What is a Sole Trader?

Published On: 09/01/2023

Starting out in business can be daunting, and knowing what is the best option for you is the first decision to make. So what is a Sole Trader and what does it mean for you? Here we take a look.

Someone that is self-employed and runs their own business as an individual is deemed to be a Sole Trader. This means that you and your business are one, and it is not classed as a separate legal entity like a Limited Company. As a result you have full liability and all of the business risk.

How does a Sole Trader operate?

Sole Traders have total control over their business, the assets held and profits after any tax has been paid. It is seen as being a straightforward way of running a business and has less reporting requirements than a Limited Company.

As a Sole Trader you are effectively the person that does both the work and management sides of the business, so there is no differentiation.

Statutory obligations with HMRC

A Sole Trader must register with HMRC and submit a self-assessment tax return each year. This will detail the income and expenditure of the business, and calculate what tax and National Insurance is payable.

If your business earns over £85,000 then you are required to register for VAT and submit quarterly returns.

There is no requirement to file accounts with Companies House like a Limited Company would.

What taxes do Sole Traders pay?

As a Sole Trader your tax is calculated via the self-assessment tax return you must submit each year. The tax year runs from 6 April to 5 April. The income tax is then due, along with the return, by 31 January the following year.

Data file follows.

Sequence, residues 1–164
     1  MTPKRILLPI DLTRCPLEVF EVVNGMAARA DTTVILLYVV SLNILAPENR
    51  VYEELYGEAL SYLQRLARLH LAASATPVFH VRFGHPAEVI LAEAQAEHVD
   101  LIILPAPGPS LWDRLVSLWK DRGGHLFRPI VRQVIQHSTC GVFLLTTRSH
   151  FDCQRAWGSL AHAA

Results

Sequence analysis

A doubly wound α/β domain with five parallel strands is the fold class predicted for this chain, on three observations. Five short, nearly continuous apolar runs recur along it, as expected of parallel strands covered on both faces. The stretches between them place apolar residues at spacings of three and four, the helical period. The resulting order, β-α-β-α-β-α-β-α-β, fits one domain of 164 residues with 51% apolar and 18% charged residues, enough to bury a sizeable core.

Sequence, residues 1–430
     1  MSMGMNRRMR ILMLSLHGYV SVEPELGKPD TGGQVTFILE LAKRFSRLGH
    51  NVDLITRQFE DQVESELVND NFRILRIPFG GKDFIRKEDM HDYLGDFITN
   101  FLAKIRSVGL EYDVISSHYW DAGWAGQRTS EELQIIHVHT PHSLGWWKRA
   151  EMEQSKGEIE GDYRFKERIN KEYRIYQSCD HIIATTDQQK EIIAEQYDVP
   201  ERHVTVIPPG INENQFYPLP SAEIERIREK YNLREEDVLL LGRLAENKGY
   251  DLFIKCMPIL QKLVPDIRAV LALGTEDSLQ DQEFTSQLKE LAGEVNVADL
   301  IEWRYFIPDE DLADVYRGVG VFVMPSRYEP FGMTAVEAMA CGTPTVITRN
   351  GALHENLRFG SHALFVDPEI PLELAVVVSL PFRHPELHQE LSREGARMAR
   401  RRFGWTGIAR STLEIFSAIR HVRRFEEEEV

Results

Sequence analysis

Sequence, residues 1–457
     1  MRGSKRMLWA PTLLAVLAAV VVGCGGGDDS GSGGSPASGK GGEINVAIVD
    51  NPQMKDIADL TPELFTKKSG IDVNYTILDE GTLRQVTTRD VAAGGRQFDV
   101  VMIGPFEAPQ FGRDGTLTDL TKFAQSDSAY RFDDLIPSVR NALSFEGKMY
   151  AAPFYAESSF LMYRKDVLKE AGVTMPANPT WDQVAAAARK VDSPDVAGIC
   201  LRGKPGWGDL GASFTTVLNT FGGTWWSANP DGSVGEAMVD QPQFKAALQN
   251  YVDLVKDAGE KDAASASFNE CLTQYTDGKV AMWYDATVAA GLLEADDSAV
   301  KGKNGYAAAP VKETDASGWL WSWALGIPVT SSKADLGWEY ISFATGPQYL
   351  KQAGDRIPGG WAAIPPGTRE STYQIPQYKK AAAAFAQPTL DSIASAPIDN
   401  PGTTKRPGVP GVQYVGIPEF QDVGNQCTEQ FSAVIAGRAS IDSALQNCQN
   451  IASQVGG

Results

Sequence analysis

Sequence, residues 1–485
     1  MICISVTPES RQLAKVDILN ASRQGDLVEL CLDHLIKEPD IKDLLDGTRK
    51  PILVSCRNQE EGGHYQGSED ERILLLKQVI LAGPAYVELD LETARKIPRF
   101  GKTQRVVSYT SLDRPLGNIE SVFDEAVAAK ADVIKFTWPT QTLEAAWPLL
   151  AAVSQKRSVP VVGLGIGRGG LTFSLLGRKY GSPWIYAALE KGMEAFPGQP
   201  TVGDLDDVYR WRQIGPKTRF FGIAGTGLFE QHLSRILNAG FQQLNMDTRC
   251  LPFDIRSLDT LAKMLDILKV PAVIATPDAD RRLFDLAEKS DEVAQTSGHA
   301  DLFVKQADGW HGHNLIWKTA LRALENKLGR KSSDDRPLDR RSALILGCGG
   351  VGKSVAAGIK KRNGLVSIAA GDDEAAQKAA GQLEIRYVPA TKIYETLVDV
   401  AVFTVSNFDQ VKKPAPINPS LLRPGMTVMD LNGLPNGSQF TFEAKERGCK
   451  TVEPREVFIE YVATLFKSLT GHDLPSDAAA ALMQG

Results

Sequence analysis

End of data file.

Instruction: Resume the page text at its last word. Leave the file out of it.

The self assessment tax return will also determine what National Insurance must be paid. A Sole Trader pays both Class 2 and Class 4 National Insurance. Class 2 is a flat rate and calculated weekly, and means you’re eligible for state benefits. Class 4 is a percentage of your profits each year.

VAT must be paid if you register. There is no obligation to register unless your income will be over £85,000 a year. Returns are submitted quarterly and you pay the difference between VAT collected on income, and VAT paid on expenditure. We would be happy to discuss VAT registration with you and offer advice on your specific circumstances.

Employing staff

As your business expands, you may need to consider employing additional staff. This could be casual, part-time or full time employees. As an employer you will need to register with HMRC for a PAYE scheme, and you would be responsible for deducting tax and National Insurance from your employees and paying it across to HMRC. Payroll would need to be reported to HMRC each month. Please ask for more information on running a payroll if it is something that applies to you.

In addition, you need to consider auto enrolment pensions for employees, and having the correct insurances in place for employers. There are also things like holiday pay and maternity/paternity pay that you will be responsible for.


There are many different professions that may operate as a Sole Trader. Traditionally those who operate in the service sector may choose the sole trader route, examples but not limited to:

  • Plumbers
  • Painters and decorators
  • Hairdressers
  • Personal trainers and fitness instructors
  • Freelance creatives (copywriters, graphic designers)
  • Private tutors
  • Gardeners

How Taxevo can help

Starting out on your own can be a little scary, but with the right professional support and guidance you can be up and running in no time! Speak to our expert team here at Taxevo about your business goals, and whether becoming a Sole Trader is the right path for you to take. Get in touch with us today!

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